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Interview with Bill Carrothers

I’m more inspired by where I live and my everyday family life than I am by particular musicians or music. Family, trees, open space, solitude.

Last month I had the honour to interview Bill Carrothers. He has played with many people at so many places in the world, but home is where the heart is,  in particular with his family in Michigan’s Upper Peninsula. His passion is history, silence means home.

His cooperation with pianist Marc Copland. on the wellreceived album No Choices (which finds two artists on equal ground, deeply committed to the interpretive, interactive and conversational fundamentals of improvisation, John Kelman, All About Jazz, August 2006) has left the jazzworld breathlessly. At his last album Love and longing (2013, La Buisonne) Carrothers proofs his singing is of high level.
carrothers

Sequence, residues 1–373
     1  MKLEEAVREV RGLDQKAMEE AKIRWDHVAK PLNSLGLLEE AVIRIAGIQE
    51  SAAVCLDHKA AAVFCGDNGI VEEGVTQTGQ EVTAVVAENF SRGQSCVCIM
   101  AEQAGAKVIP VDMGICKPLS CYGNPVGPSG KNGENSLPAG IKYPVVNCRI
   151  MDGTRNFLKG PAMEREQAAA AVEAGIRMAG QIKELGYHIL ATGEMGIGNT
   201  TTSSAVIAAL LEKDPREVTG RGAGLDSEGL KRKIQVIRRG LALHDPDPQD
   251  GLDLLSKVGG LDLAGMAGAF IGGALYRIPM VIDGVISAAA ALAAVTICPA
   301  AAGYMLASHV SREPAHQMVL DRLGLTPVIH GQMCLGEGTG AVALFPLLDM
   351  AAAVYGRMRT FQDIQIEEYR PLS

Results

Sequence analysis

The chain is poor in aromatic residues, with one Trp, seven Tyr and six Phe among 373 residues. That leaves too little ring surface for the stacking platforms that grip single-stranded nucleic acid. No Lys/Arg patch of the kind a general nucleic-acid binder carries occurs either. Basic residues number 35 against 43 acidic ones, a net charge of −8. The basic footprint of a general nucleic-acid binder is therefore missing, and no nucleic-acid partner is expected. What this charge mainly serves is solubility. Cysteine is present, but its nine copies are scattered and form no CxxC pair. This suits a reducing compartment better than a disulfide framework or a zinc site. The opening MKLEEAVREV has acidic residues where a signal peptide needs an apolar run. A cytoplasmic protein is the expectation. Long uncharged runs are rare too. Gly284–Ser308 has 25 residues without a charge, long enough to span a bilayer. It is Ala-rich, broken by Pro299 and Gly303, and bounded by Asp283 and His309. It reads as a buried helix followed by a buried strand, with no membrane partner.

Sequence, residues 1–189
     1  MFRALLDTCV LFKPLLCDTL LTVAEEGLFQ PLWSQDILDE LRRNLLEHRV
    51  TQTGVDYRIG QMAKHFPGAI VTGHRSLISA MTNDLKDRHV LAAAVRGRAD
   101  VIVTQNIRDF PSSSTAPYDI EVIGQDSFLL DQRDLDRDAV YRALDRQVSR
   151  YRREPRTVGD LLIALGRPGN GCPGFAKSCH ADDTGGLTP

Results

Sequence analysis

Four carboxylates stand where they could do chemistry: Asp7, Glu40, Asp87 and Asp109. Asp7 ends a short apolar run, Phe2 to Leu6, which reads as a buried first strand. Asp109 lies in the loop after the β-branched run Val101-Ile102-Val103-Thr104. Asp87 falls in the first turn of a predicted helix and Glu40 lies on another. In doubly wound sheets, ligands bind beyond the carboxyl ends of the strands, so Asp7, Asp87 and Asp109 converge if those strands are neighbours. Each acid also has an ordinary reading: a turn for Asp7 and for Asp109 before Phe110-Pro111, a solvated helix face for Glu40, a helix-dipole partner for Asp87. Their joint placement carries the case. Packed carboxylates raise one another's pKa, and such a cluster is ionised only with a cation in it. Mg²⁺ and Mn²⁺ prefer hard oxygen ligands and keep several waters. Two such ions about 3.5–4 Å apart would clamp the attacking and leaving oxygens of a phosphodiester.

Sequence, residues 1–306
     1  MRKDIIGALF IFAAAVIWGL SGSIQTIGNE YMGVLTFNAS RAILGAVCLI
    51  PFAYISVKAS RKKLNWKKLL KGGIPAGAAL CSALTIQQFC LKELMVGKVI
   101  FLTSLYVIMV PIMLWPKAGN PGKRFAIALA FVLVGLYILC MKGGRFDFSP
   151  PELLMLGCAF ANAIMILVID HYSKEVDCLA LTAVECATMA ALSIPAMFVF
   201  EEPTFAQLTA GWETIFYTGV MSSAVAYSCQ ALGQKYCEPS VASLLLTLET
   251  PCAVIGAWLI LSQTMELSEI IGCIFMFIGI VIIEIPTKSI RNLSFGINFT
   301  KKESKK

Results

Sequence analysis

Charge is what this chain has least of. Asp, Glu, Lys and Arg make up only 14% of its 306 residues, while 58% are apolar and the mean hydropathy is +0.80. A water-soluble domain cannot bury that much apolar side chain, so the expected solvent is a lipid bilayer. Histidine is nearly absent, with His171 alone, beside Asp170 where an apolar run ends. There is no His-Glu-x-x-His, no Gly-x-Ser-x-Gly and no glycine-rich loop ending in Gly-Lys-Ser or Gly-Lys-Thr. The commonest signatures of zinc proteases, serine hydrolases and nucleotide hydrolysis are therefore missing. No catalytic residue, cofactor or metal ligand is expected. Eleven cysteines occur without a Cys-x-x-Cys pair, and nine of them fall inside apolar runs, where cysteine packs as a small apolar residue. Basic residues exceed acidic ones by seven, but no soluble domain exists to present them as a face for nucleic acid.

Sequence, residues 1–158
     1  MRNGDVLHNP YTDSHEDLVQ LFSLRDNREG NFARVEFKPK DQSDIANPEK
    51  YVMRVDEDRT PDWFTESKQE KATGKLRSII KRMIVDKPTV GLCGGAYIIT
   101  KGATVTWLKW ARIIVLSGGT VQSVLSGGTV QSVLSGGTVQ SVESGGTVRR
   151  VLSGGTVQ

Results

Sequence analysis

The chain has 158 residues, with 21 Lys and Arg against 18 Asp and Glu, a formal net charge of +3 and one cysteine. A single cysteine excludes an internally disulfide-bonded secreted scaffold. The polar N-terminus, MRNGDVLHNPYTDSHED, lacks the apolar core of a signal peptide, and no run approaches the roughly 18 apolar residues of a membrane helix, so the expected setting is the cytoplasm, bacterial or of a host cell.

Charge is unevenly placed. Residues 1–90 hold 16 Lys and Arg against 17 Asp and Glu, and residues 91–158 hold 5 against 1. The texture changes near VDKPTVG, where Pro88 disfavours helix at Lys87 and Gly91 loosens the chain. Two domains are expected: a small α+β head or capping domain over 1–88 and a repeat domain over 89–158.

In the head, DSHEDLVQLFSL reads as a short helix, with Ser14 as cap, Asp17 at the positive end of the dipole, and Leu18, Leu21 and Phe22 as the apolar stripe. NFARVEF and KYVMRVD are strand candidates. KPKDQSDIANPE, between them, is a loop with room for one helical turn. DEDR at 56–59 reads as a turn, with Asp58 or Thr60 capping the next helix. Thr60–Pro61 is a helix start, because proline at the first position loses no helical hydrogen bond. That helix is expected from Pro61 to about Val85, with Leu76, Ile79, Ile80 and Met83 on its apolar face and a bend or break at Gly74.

Bill Carrothers (born in Minneapolis, 1964) began his career as a teenager, when he played with local bands in his hometown; then in 1988, he moved to New York City. Carrothers has played many venues throughout the U. S. and Europe including the Village Gate, Knitting Factory, Birdland, Blues Alley, New Morning (Paris), the Audi Jazz Festival in Brussels, the Nevers Jazz Festival (where he shared the bill with Abbey Lincoln), the Montreal Jazz Festival , Jazz Middelheim, and the Marciac Festival in France. In the 1990s he played with Bill Stewart and Scott Colley, Herwig Gradischnig; in 1997 he worked on Dave Douglas’ album moving portraits. Birdology 1999 was a duo album with Bill Stewart. In October of 2000, Mr. Carrothers headlined the prestigious Rising Star Tour throughout Germany, Austria, and Switzerland. He has been a leader on seventeen recordings, all of which have received critical acclaim. His sideman credits have included some of the greatest names in jazz, including Joe Beck, Scot t Colley, Buddy DeFranco, Dave Douglas, Curtis Fuller, Eric Gravatt, Drew Gress, Tim Hagans, Billy Higgins, Ari Hoenig, Lee Konitz, James Moody, Gary Peacock, Dewey Redman, Charlie Rouse, James Spaulding, Bill Stewart, Ben Street, Ira Sullivan, Toots Thielemans, and Benny Wallace. In the 1990s he played with Bill Stewart and Scott Colley, Herwig Gradischnig; in 1997 he worked on Dave Douglas’ album moving portraits. Birdology 1999 was a duo album with Bill Stewart. In trio with Stewart and saxophonist Anton Denner he recorded in 2002 his album Ghost Ships. In 2005 Bill recorded a duet album with pianist Marc Copland (No. choice, 2005). Read the critics on Penguin Guide.